Know how to avoid a tax credit overpayment
As anyone who has experienced it will know, receiving a letter saying that you have been overpaid tax credits is hugely worrying and stressful. Many people feel very angry about it. Sometimes their response is to feel that they never want to claim tax credits again. Stopping claiming tax credits isn’t terribly logical as you still have to pay back the overpayment – a better approach is to continue to claim but do everything in your power to avoid a large tax credit overpayment building up in the future.
Sometimes, there’s no way of avoiding a tax credit overpayment because of the way the system works. But if we look at the most common reasons for overpayments, we can see how you can avoid building up anything but the minimum overpayment.
1. Keep a record every time you report changes to the HMRC
Sometimes overpayments are built up when the HMRC do not act on what you told them. If they don’t change your award straight away after you told them about a change, you will receive too much money and build up an overpayment. Any overpayment built up within 30 days of you telling them about a change you will have to pay back, but anything after that you don’t. It is therefore really important that you can prove that you told them about a change and on what date. Every time you report changes to the HMRC over the phone, write down who you spoke to and when and keep your record safe. If you report changes online, print or keep a copy of the page confirming the changes have been submitted. If you decide to write to HMRC to tell them about a change, keep a copy of the letter and get proof of posting it. If you haven’t done this and now have an overpayment, don’t worry. See our Survival guide to dealing with tax credit overpayments for advice on what to do.
2. Tell HMRC every time your income goes up
If your income for 2016-17 is no more than £2,500 higher than it was last year, your award shouldn't be affected and you shouldn’t get an overpayment. But it is always best to let HMRC know if your income is going up, even if it is by less than £2,500, and keep a record of who you spoke to and when. This is especially true if, earlier in the year, you told HMRC you were likely to receive less income that you did last year and asked them to pay your tax credits on your estimated income.
3. Make sure HMRC are up to date with your DLA or PIP award
Overpayments are often caused when the HMRC have the wrong information about what rate of DLA, PIP or Armed Forces Independence Payment you receive. This might be because you ticked the wrong boxes on the form, or it may be that you’ve been reassessed and your award has gone down or stopped. When you get your tax credit renewal forms, make sure you give the right information by checking your award letter from the DWP. If your benefit award changes, make sure you tell the HMRC straight away. Keep a record of who you spoke to, and when.
4. Ensure you send back the renewal forms
After April each year, HMRC send out tax credit renewal forms. These forms ask you what your income was in the year that has just finished and ask you to check that your details are correct. In most cases, these forms are also your claim for the new tax year. Make sure you send them back or do them online by the correct date (normally 31 July). If you are doing them online, print or keep a copy of the confirmation page. If you are using paper forms, post them at the post office and ask for a certificate of posting. Keep this safe as you can use it as evidence that you did in fact return the forms.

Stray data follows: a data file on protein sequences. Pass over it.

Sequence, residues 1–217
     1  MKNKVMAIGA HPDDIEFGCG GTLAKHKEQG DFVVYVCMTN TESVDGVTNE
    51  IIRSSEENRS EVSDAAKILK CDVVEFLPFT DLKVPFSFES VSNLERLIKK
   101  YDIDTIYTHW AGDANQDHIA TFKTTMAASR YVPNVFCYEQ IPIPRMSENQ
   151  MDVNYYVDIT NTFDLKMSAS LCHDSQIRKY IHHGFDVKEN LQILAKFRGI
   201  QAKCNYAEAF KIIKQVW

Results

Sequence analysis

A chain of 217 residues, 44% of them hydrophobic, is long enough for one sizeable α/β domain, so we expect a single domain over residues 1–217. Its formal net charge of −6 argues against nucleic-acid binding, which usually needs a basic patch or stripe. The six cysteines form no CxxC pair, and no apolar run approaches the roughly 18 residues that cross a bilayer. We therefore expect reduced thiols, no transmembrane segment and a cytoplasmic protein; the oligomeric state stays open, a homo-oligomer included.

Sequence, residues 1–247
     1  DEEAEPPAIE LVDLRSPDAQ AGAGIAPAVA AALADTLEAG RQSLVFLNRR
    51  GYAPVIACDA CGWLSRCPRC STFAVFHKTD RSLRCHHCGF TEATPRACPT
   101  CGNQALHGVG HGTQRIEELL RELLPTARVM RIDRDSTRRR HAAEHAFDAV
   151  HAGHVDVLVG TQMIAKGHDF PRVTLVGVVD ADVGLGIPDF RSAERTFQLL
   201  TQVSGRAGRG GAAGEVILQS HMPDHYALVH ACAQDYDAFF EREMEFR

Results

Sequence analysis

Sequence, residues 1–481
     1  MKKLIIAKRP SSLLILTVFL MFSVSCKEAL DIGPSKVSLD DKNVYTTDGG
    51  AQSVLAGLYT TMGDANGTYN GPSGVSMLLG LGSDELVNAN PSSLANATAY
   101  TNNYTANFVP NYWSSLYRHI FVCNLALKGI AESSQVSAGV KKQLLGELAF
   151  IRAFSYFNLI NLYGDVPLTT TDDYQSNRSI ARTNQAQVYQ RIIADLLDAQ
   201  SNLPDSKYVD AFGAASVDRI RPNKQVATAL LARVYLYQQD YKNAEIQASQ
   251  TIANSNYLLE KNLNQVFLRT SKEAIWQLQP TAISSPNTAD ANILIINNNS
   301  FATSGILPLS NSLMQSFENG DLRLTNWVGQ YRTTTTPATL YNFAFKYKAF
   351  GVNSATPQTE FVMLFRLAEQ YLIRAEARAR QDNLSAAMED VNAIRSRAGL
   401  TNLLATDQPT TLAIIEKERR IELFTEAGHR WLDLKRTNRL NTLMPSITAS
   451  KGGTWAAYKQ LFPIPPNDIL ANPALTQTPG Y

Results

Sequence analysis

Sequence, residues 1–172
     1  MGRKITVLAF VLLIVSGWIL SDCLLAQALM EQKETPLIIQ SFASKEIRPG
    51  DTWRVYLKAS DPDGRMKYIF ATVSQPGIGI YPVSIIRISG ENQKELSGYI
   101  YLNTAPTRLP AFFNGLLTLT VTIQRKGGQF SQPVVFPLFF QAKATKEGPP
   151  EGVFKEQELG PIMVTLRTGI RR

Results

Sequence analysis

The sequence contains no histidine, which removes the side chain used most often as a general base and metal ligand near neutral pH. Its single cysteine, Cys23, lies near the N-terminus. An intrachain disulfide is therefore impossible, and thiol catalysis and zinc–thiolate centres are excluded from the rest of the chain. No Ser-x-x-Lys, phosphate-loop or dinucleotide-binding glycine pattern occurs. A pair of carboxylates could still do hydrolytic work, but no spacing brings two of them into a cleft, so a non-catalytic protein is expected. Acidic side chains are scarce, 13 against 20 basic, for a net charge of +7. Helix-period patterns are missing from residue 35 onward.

5. Act fast if you receive a letter called a ‘Statement of account’
If you receive a letter called a ‘Statement of account’ it means your award has ended. This usually happens because the HMRC didn’t receive (or say they didn’t) your renewal forms. If you contact HMRC within 30 days, they should be able to renew your claim over the phone. This will cancel the overpayment that has built up since the 6 April. After 30 days, you can only get your tax credit payments back into payment if you have a good reason why you did not renew and you contact HMRC by 31st January, so act fast. As always, keep a record of who you spoke to and when.
6. Check your award notice thoroughly each time you receive it
If any details on your award notice are wrong, you might get paid too much and have to pay it back. Check your award notice each time you receive it and tell HMRC if there is any mistake – keeping a record of course of who you spoke to and when. You must do this within a month of receiving the award notice, but it is better to do it straight away to minimise any overpayment that builds up.
7. Tell HMRC straight away if your partner moves in
If you delay telling HMRC that as partner has moved in, everything you receive after the date they moved in will be an overpayment. If you get married, you need to claim as a couple even if you are not living in the same house. Deciding whether you are part of a couple for tax credit purposes can sometimes be difficult. You should contact HMRC if you are unsure about this and make sure you keep a record of the phone call including the date, who you spoke to, and what they said.
8. Tell HMRC straight away if your partner moves out and send two sets of forms
If you permanently separated from your partner in the last tax year or before you get the claim form in the next tax year, you both need to return a set of renewal forms. If you make a new claim in just your name, you may have to return forms for your old joint claim and forms for your new claim.
If you do end up with an overpayment, don’t panic. See our Survival guide to dealing with tax credit overpayments for advice on what to do.